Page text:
Peace in Tallahassee comes at a high price. Gov. Rick Scott and legislative leaders announced Friday they have agreed to spend more money on public schools, promote tourism and rework the governor's pet job incentives program. But the cost of this detente is too steep, with the governor poised to allow horrendous legislation to become law that would further dismantle public education.
Everyone sounded like a winner at Friday's news conference announcing another deal privately negotiated by a handful of the powerful and sprung upon the rest of the 160 legislators. The governor is happy because legislative leaders agreed to spend more on tourism and embrace reworked economic incentives, his top priorities. Senate President Joe Negron, R-Stuart, is thrilled because he will add increased spending on public schools to his checklist that includes money for a new South Florida reservoir and higher education. But House Speaker Richard Corcoran, R-Land O'Lakes, apparently won the biggest prize even though Scott avoided publicly confirming it: The governor's promise not to veto HB 7069, a monstrosity of more than 50 bills packaged together in secret that micromanages public school districts and favors privately run charter schools. Hold the applause.
On the surface, there is plenty to like about this peace accord. Scott signed into law the $82 billion state budget for 2017-18 after lawmakers agreed to spend another $215 million or so on public schools during a three-day special session set for next week. The public schools budget rejected by Scott offered a pitiful per student spending increase of $24, or less than one-half of 1 percent. The new money should get that increase up to $100 per student, which is particularly welcome in a state that lags well below the national average.
Legislative leaders also agreed to restore spending to the current level of $76 million to Visit Florida, the state's tourism arm, after Corcoran exposed wasteful spending and insisted on slashing its budget during the regular session. They held fast on Corcoran's refusal to spend millions on corporate welfare masquerading as job incentives through Enterprise Florida. But they appeased Scott with a promising new program that would allocate $85 million to infrastructure and workforce training programs to help create more jobs. Details remain sketchy, but the framework appears attractive.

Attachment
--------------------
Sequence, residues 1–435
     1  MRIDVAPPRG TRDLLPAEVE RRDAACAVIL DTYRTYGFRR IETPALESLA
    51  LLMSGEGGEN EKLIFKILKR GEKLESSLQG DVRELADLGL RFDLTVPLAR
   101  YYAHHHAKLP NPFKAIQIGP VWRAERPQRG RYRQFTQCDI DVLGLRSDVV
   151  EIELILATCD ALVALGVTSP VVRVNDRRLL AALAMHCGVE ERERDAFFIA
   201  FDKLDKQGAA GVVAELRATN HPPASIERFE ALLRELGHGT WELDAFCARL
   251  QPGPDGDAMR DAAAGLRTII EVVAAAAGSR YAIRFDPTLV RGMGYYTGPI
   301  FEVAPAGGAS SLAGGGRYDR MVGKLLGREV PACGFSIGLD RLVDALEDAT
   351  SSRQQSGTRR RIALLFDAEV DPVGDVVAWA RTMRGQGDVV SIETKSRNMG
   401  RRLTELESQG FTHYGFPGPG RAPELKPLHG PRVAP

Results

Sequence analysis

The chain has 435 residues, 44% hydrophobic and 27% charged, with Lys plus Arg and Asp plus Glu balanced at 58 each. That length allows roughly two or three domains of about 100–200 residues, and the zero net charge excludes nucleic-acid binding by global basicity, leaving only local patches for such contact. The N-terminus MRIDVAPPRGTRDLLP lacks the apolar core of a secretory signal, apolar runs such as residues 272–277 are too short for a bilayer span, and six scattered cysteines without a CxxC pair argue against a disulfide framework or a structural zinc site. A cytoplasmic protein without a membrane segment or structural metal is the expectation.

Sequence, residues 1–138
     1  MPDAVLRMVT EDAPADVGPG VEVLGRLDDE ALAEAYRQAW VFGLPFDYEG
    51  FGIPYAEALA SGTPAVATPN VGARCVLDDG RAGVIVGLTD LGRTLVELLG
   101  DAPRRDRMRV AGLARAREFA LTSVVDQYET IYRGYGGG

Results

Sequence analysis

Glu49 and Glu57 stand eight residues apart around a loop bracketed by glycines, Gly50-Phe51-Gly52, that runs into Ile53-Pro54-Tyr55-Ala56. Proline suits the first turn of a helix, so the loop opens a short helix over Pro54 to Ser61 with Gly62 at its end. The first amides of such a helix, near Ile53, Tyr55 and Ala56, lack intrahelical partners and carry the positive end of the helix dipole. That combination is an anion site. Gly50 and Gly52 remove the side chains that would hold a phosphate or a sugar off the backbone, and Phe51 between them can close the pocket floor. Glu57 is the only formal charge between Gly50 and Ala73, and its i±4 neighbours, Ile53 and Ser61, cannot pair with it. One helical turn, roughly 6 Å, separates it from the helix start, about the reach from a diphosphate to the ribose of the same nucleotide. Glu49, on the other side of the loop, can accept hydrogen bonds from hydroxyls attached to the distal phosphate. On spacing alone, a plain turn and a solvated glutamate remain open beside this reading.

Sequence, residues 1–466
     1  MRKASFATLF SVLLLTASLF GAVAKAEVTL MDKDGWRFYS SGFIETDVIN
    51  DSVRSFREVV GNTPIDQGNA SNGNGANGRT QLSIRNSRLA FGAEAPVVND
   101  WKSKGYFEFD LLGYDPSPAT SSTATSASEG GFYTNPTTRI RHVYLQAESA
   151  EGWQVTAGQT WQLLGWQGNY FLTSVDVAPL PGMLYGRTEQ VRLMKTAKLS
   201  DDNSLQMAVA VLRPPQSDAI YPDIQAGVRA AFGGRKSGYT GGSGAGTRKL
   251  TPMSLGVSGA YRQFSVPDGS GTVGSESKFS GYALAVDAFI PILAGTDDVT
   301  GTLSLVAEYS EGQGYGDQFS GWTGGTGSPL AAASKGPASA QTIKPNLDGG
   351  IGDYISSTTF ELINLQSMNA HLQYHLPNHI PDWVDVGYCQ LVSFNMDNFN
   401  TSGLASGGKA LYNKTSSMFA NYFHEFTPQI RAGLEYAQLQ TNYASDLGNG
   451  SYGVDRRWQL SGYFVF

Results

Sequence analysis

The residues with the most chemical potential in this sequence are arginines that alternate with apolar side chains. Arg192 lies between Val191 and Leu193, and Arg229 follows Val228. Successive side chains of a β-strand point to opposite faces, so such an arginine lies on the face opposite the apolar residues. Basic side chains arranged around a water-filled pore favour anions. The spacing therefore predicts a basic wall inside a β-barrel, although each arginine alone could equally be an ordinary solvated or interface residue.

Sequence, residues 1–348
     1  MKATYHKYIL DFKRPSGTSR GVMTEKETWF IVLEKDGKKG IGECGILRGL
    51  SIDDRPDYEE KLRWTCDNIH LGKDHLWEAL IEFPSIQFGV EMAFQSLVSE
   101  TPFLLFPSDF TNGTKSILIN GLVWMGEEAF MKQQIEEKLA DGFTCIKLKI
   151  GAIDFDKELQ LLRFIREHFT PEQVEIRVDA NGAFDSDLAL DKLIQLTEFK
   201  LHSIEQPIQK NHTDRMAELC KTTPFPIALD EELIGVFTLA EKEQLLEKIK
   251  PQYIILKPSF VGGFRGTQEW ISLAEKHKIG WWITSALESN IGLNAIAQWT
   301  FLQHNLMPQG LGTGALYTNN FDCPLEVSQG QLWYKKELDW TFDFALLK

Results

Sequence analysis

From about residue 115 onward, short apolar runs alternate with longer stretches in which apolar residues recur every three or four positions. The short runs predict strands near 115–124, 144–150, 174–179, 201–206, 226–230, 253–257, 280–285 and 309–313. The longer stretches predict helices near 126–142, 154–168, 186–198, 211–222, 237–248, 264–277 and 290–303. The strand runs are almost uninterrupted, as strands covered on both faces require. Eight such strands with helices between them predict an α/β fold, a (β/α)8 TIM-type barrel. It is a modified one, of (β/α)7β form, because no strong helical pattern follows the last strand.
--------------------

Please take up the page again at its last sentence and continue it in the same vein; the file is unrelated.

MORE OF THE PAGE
Yet all of this additional spending is not worth the damage that would be caused by the education legislation that Corcoran covets and Scott evidently agreed to spare. It allocates $140 million to Corcoran's "Schools of Hope" initiative, a power play that would give state loans for construction and state money to pay salaries and overhead for charter schools to take over for failing public schools. For the first time, school districts also would be forced to share with charter schools local property tax money for capital projects. School district superintendents would face new restrictions on shifting federal Title 1 money among high-poverty schools to the ones that need the most help. And that doesn't begin to describe the micromanaging in this legislative train wreck, from limiting testing windows to requiring tests on paper rather than computers to dictating 20 minutes of recess a day in elementary schools (but not in charter schools, of course).
The upshot: Hillsborough County will have even less money to fix its broken school air conditioners. Pasco County will have less money to build new schools it needs to accommodate growth. Pinellas County will have a harder time finding money to fulfill its commitment to improve failing elementary schools in south St. Petersburg, making it even easier for Corcoran's charter school scheme to take root.
True to form, Corcoran traded cash for fundamental policy change. Anyone who cares about the future of public education should not be so easily bought off.